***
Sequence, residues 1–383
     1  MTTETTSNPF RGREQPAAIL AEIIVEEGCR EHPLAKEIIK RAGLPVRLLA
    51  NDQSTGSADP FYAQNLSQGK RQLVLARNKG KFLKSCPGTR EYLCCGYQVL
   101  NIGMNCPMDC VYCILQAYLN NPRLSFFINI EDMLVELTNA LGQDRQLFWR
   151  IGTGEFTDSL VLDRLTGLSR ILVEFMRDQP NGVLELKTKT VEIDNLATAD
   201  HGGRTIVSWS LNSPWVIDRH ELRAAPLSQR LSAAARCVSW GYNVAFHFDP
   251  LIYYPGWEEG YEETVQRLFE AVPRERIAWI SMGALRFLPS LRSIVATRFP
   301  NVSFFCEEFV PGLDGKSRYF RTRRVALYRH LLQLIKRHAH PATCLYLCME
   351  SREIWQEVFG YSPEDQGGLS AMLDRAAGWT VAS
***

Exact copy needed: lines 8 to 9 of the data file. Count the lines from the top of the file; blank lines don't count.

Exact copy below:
   301  NVSFFCEEFV PGLDGKSRYF RTRRVALYRH LLQLIKRHAH PATCLYLCME
   351  SREIWQEVFG YSPEDQGGLS AMLDRAAGWT VAS